How to Create a Healthy Calorie Deficit

3 containers with healthy meal preps. Healthy eating is crucial for creating a calorie deficit.

If you want to lose weight, you need to create a calorie deficit. This is harder than it sounds, as many people don’t know how many calories they consume everyday or how many their body needs. 

In simple terms, when your calorie intake is higher than what your body requires, you store the extra calories as fat. In order to create a calorie deficit, you need to consistently lower your calorie intake. Usually, a calorie deficit of 500 calories per day is enough to lose weight without negatively affecting your health and energy levels. 

What is a calorie deficit?

We all have a minimum amount of calories our bodies need to support energy expenditure (our maintenance calories). So before you can create a calorie deficit, you need to know what your maintenance calorie intake should be. If you need support calculating this, it’s something I offer in my personalised nutrition plans

As you lose weight, your maintenance calorie intake will change over time. However, it’s important that you’re creating a healthy calorie deficit. Skipping meals and starving yourself aren’t effective ways to lose weight and deprive your body of essential nutrients. If you want to lose weight sustainably, a calorie deficit shouldn’t be extreme. Women shouldn’t consume less than 1,200 calories per day and men shouldn’t go under 1,500 calories per day. 

How to create a calorie deficit

1. Master your meal prep 

Preparing your own meals at home gives you more control over the calories you consume, as well as your portion sizes. If you’re following meal plans or recipes, you know exactly what’s going into your body. This allows you to have control over the calories you eat. Keep track of everything you eat using apps like My Fitness Pal or Fitbit so you know if you’re hitting your calorie targets and getting the right nutrients. 

As well as this, prepping your meals and snacks at home makes you less likely to buy unhealthy meal deals, takeaways or junk food. 

2. Structure your snacks

Most of us snack without realising we’re doing it. It’s just one of those habits we don’t even think about. However, when you eat several seemingly small snacks everyday, the calories add up. So many of the excess calories in our diets are down to these culprits. 

Unfortunately, the snacks we love the most are the ones that are the worst for us. Fast food, soft drinks, desserts and sweets are packed with sugar, salt and fat. Because these ingredients make them so addictive, we constantly crave them. But losing weight doesn’t mean creating tons of restrictions and cutting out all the foods we enjoy. 

There are several ways to create healthier snacking habits:

  • If you can’t go cold turkey (few of us can), try gradually reducing the amount of snacks you have. If you eat 3 packets of crisps per day, reduce that to 2, then gradually cut down to 1 and so on.
  • Keep healthy snacks with you on the go so you’re not tempted to buy them when you’re out. Try and snack at certain times of the day when you’re hungry, instead of snacking out of boredom. 
  • Swap some of the unhealthy snacks for a similar but healthy alternative. For example, if you love indulgent yoghurts packed with sugar, swap them for plain yoghurt with nuts and berries.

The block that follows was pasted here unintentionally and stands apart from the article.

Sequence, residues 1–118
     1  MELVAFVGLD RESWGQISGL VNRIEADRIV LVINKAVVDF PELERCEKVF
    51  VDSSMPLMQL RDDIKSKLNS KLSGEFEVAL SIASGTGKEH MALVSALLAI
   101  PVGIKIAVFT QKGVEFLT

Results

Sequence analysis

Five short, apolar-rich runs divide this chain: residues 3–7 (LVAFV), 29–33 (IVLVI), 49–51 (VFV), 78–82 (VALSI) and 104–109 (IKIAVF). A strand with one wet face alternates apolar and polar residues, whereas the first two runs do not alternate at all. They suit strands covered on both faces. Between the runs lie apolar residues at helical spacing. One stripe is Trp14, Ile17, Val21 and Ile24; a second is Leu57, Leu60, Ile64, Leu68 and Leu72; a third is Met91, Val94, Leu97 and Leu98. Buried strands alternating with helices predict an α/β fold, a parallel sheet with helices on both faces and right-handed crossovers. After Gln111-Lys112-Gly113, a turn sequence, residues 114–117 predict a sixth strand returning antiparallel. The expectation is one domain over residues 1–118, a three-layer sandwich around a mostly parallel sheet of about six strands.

• Choose a certain day of the week to indulge in a cheat meal and eat clean for the rest of the week. 

3. Don’t drink your calories 

Believe it or not, some drinks can sneak hundreds of extra calories into our bodies, even the ones you think are healthy. You can make a significant difference by reducing the amount of soft and sugary drinks you have, as well as fruit juices and hot drinks with syrups. Alcohol is also highly calorific, especially beer and red wine. If you want to lose weight, keep the booze to a minimum. 

4. Fill up on fibre

Eating healthy, nutritious foods that fill you up is an effective way to help you lose weight. Getting plenty of fibre in your diet can leave you feeling fuller for longer, meaning you’re less likely to crave snacks or junk food. 

Great sources of fibre include fruit and veg, wholegrains such as brown rice, pasta and wholemeal bread, as well as lentils, beans and peas. If you eat a varied diet and mix up your recipes, you should get enough fibre in your diet. 

5. Don’t skip meals

Many people think skipping meals will help them lose weight, but it can do more harm than good. If you skip meals regularly, you’re missing out on essential nutrients your body needs to thrive. A healthy diet shouldn’t leave you feeling bad about food and it shouldn’t be full of restrictions, even if you’re creating a calorie deficit. 

Skipping meals, especially breakfast, also makes you more likely to choose unhealthy foods later in the day when you’re hungry. It’s much better to eat the right foods than skip meals entirely. 

6. Create a routine and stick to it

Having structured meal times helps you stay on track with your calorie goals and ensures you only eat when you’re hungry. Planning your meals for the week and having structured treats make you less likely to stray and more likely to achieve the results you want. 

Eating meals and snacks at similar times each day will help your body adjust to the calorie deficit and you’ll get used to this routine, instead of going to your fridge or snack cupboard everytime you’re bored. As well as this, exercising regularly alongside a healthy nutrition plan will assist your weight loss. 

Creating a calorie deficit and losing weight aren’t easy. Weight loss requires hard work, discipline and commitment. There’s no magic pill or easy fix. So creating your routine, sticking to it and being patient are key to achieving the results you want.

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